Desired is a capability of producing complex waveform shapes, whether or not they are inherently piecewise-linear, in particular with an ability to adjust amplitudes and pulsewidths simply and efficiently, such as, for example, by providing an ability to rescale portions of a waveform in time, thus adjusting pulsewidths on the fly without having to re-compute the waveform samples.
SUMMARY OF THE INVENTION
 Disclosed herein is a device/system capable of producing complex waveform shapes, whether or not they are inherently piecewise-linear. It is also capable of adjusting amplitudes and pulsewidths simply and efficiently.
 Further disclosed herein is a device/system that can rescale portions of a waveform in time, thus adjusting pulsewidths, directly without having to recompute the waveform samples. Such a device/system can also generate the waveform, for example by using data from one or more small template waveshapes stored in a small memory, permitting it to use much less memory for complex waveforms.
 Provided are a plurality of embodiments of the invention, including, but not limited to, a method for providing a therapy to a patient, the method comprising the steps of:
 storing a plurality of discrete samples of a waveform in a memory;
 defining a step size;
 retrieving a series of the plurality of the samples from the memory, based on the step size;
 reconstructing at least a part of the waveform using the retrieved series of samples; and
 providing a stimulation pulse with at least a substantial portion in a shape resembling the reconstructed waveform for stimulating a stimulation region of the patient.
 Also provided is a stimulation device for stimulating a stimulation region within a patient comprising: a first waveform generation circuit for generating a first waveform part; a second waveform generation circuit for generating a second waveform part different than the first waveform part; a switch for selecting between an output of the first waveform generation circuit and an output of the second waveform generation circuit as an output of the switch; and a stimulation pulse generating circuit connected to the output of the switch for generating a stimulation pulse comprised of a first pulse phase generated from the first waveform part and a second pulse phase generated from the second waveform part, with the first pulse phase and the second pulse phase provided in series. The stimulation pulse is provided to a stimulation region of the patient.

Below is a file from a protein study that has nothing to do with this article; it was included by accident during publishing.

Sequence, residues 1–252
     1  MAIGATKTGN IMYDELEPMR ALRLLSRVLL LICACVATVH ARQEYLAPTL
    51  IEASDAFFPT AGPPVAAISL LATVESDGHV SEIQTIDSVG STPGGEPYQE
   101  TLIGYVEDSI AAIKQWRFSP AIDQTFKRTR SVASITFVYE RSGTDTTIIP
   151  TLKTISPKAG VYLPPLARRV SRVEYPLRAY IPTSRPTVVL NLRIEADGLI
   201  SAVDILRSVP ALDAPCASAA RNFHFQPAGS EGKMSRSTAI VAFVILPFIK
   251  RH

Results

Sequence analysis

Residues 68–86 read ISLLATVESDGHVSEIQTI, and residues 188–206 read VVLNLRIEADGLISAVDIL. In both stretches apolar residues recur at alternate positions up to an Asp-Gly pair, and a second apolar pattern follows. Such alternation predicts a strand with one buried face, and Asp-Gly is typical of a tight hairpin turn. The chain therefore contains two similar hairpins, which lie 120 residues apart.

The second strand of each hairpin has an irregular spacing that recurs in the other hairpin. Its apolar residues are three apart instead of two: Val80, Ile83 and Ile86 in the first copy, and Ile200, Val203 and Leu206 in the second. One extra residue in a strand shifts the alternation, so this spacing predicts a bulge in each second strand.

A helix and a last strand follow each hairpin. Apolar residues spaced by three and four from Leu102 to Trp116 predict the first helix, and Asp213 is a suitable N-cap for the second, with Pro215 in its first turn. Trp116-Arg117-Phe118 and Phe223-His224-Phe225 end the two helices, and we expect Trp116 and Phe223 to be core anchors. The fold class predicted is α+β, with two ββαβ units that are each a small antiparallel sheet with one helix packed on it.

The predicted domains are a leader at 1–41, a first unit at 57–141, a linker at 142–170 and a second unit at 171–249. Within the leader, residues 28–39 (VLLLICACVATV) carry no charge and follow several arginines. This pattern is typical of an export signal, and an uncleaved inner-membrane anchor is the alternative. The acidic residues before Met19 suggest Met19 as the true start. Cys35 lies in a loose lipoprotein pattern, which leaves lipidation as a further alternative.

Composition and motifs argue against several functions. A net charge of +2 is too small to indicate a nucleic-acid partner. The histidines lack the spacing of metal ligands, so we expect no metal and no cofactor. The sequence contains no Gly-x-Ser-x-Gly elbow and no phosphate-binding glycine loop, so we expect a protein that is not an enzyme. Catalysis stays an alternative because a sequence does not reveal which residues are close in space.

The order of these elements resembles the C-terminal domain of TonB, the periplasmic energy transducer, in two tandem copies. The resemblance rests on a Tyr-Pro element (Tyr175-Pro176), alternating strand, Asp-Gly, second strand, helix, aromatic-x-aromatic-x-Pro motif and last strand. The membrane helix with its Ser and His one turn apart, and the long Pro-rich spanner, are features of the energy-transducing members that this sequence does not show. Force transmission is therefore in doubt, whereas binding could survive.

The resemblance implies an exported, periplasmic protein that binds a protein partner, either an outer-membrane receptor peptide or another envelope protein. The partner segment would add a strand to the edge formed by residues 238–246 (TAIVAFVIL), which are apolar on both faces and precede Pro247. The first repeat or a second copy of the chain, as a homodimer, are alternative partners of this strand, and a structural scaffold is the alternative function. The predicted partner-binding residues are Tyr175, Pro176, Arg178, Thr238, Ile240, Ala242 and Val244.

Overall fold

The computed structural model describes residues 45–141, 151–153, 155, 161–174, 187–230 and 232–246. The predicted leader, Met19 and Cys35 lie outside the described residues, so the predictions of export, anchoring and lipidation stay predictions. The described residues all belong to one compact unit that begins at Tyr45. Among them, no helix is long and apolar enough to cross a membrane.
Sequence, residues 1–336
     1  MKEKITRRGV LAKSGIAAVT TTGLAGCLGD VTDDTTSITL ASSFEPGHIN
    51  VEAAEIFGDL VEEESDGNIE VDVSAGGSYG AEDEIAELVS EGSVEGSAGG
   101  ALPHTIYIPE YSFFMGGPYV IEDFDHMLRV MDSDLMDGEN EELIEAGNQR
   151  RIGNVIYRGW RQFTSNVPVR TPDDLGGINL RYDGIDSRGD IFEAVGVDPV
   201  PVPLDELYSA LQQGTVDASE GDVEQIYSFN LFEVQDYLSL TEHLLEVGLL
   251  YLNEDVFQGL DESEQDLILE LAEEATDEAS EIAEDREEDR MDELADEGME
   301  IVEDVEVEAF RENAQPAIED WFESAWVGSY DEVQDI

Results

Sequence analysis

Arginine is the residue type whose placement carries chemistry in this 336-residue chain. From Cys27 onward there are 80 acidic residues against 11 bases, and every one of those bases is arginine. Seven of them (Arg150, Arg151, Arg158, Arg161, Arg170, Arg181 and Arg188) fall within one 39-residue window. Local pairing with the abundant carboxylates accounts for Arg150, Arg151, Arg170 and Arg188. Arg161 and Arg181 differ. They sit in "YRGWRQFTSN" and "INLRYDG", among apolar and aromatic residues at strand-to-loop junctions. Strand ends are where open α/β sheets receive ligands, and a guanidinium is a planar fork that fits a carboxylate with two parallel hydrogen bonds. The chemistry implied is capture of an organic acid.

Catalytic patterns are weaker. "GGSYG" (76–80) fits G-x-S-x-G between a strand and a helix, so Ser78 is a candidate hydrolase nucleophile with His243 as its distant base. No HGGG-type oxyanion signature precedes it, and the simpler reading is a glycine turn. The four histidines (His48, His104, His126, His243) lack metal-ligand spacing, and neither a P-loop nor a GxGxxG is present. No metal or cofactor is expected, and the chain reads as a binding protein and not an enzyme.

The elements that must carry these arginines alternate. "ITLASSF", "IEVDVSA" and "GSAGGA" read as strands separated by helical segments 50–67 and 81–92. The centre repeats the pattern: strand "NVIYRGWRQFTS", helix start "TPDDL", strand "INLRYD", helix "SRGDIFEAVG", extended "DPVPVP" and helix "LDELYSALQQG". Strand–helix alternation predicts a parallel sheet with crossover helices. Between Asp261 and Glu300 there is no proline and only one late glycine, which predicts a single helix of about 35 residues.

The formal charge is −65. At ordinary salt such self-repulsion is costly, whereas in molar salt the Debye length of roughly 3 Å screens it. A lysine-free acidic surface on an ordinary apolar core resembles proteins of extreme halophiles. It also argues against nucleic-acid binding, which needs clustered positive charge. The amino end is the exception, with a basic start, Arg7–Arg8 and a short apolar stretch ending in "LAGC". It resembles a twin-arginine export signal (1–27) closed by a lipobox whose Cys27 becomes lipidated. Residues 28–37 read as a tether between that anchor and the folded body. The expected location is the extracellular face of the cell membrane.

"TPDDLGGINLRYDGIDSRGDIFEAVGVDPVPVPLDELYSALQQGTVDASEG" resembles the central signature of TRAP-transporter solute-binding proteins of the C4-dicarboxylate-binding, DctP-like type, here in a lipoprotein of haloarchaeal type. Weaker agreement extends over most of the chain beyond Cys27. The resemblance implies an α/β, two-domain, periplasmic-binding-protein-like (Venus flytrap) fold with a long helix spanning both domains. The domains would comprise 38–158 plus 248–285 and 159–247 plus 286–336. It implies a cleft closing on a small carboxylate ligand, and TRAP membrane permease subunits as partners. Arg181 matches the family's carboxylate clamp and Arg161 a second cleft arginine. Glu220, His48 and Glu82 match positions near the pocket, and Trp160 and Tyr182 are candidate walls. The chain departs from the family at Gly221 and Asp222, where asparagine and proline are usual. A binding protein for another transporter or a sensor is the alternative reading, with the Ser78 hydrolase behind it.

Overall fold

Further provided is a device for stimulating a stimulation region within a patient comprising: a waveform generation circuit comprised of a memory storing a plurality of samples of a first desired waveform; a register for storing, or an input for inputting, a step size for input into the waveform generation circuit for generating a waveform part, wherein the device is adapted such that a subset of the plurality of samples is retrieved from the memory based on the step size for generating the first waveform part, such that a different step size would result in a different subset of the plurality of samples being retrieved from the memory for generating a different waveform part; a stimulation pulse generating circuit for generating a stimulation pulse based at least partly on the waveform part; and at least one electrode connected to the stimulation pulse generating circuit for providing the stimulation pulse for stimulating a stimulation region of the patient.